Walter Robins

ROBERT WALTER VIVIAN ROBINS, the Middlesex all-rounder, was born on June 3, 1906, at Stafford. Coached as a boy by his father, who played for Staffordshire before the war, and later on by Albert Knight, the old Leicestershire professional, he came to London in 1917 and went to Highgate School.

In his first year in the eleven, he gave promise of the form he was subsequently destined to show in more important cricket, for he averaged 27 in batting and obtained 28 wickets at a cost of 23 runs each. The next three years he headed both batting and bowling tables with excellent figures.

In 1925 when captain, he scored, 816 runs (highest innings 206) with an average of nearly 63 and took no fewer than 60 wickets for less than 16 runs apiece. His all-round cricket made him one of the great schoolboy players of the year.

On proceeding to Cambridge, he secured his Blue as a Freshman and, in the University match, made 37 and not out 21. Against Oxford the following year he made 55 and 41, while in his last year at Cambridge he scored 53 and not out 101 at Lord's and took eight wickets for 151 runs. That season he was invited to play for the Gentlemen against the Players at Lord's but met with only moderate success.

Meanwhile he had, while still at Highgate, played in a few matches for Middlesex, whom he has assisted since his last year at school with increasing credit, particularly as a bowler. In 1928 his form approached that of his best days at Cambridge. Last season his googly bowling proved of great value to the county.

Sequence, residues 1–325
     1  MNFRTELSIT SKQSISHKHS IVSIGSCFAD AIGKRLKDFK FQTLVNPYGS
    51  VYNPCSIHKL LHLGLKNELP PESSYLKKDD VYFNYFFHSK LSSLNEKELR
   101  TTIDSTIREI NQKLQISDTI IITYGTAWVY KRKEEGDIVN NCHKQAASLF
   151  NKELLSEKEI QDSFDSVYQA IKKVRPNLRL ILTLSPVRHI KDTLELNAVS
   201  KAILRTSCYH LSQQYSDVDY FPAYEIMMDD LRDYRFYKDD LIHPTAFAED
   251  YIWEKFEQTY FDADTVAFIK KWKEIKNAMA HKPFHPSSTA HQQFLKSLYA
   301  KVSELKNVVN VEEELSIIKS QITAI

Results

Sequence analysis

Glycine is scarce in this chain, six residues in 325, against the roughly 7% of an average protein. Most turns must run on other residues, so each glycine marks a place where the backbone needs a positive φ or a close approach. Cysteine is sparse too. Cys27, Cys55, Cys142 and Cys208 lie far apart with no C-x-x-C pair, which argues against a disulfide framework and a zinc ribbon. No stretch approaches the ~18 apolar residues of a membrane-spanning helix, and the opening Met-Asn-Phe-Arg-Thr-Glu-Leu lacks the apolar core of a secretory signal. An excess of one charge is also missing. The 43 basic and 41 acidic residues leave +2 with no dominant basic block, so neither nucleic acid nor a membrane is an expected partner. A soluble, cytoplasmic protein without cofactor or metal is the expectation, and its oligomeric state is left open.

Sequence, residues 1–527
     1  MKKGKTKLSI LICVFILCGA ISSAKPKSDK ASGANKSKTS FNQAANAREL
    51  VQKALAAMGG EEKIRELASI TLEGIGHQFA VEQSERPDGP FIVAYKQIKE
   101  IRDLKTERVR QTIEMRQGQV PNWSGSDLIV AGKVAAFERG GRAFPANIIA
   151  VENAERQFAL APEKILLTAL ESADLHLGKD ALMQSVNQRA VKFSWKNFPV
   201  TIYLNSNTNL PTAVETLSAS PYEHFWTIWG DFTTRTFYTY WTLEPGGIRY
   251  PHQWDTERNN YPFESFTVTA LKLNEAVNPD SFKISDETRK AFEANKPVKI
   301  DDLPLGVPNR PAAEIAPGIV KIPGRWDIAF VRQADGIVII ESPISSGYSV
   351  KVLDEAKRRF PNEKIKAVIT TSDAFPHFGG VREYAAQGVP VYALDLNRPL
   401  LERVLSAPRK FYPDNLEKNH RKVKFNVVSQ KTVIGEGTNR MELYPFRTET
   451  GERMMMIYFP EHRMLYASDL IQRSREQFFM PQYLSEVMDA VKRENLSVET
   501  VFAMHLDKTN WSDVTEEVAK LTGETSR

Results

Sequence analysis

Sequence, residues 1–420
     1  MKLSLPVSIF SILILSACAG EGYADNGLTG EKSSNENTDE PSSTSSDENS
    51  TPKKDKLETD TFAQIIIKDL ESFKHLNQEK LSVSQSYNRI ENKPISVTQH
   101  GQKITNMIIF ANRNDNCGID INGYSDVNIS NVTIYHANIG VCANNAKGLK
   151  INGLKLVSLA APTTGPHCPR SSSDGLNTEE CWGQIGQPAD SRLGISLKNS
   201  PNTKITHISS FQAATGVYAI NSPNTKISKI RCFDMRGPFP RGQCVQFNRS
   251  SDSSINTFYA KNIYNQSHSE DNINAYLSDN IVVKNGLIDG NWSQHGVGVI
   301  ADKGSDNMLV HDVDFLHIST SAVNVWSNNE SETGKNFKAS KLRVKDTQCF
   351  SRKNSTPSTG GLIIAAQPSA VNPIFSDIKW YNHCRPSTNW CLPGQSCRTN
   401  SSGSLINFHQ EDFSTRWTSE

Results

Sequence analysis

Curiously enough, he was not always a bowler of this type for only in his year of captaincy at Highgate did he practice this ball. Even at Cambridge, his powers in this direction were dormant or unrevealed. Only towards the end of the summer of 1928, when playing for Middlesex, did he blossom out as a bowler possessed of special gifts.

Robins, who, last season at Lord's, played in his first Test match for England, accomplished nothing in batting and not until he was put on at the Pavilion end in the second innings of South Africa was he very effective as a bowler. Still, as always, he fielded splendidly at cover point.

As a googly bowler, he still has something to learn, his fault being that he tries to bowl too fast, and as his trajectory is consequently much lower than that of, say, Freeman, his flight is rarely deceptive. For his success he relies on his very powerful finger-spin which enables him to make the ball turn quickly and at a sharp angle. On his day, he is likely to run through any side but much of his good work is spoiled by erratic length.

As a batsman he is a fine driver, hitting the ball very hard on either side. Altogether, in his way, Robins is a remarkable young cricketer of whom the best has quite possibly not yet been seen.

© John Wisden & Co